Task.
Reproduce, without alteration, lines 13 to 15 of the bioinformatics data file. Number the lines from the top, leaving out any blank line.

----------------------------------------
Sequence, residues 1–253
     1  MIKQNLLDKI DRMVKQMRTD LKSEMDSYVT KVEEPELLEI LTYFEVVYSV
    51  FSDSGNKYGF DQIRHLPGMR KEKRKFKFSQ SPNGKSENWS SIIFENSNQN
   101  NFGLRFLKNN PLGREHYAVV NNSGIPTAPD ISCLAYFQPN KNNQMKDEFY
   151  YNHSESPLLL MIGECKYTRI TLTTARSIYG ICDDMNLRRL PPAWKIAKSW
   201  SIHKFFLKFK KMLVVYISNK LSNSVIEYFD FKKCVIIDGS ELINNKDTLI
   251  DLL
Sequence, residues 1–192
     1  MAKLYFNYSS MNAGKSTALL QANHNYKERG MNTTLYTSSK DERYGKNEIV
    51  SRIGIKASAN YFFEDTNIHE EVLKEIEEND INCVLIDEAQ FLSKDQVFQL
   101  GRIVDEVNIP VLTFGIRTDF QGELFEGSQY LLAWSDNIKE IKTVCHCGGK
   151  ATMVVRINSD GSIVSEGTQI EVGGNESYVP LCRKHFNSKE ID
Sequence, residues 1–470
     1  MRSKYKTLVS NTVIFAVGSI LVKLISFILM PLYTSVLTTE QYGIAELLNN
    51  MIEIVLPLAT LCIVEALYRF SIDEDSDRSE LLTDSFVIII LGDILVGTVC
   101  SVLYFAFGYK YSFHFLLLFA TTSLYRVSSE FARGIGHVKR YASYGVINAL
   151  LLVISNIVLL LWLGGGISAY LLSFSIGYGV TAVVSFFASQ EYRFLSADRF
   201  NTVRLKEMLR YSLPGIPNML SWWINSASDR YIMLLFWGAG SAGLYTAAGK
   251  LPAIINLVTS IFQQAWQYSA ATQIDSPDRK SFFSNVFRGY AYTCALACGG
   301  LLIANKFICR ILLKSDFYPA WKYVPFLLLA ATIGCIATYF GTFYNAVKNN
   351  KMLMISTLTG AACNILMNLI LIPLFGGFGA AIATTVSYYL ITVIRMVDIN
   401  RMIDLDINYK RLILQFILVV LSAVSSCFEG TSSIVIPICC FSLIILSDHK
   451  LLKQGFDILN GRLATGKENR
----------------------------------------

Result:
Sequence, residues 1–470
     1  MRSKYKTLVS NTVIFAVGSI LVKLISFILM PLYTSVLTTE QYGIAELLNN
    51  MIEIVLPLAT LCIVEALYRF SIDEDSDRSE LLTDSFVIII LGDILVGTVC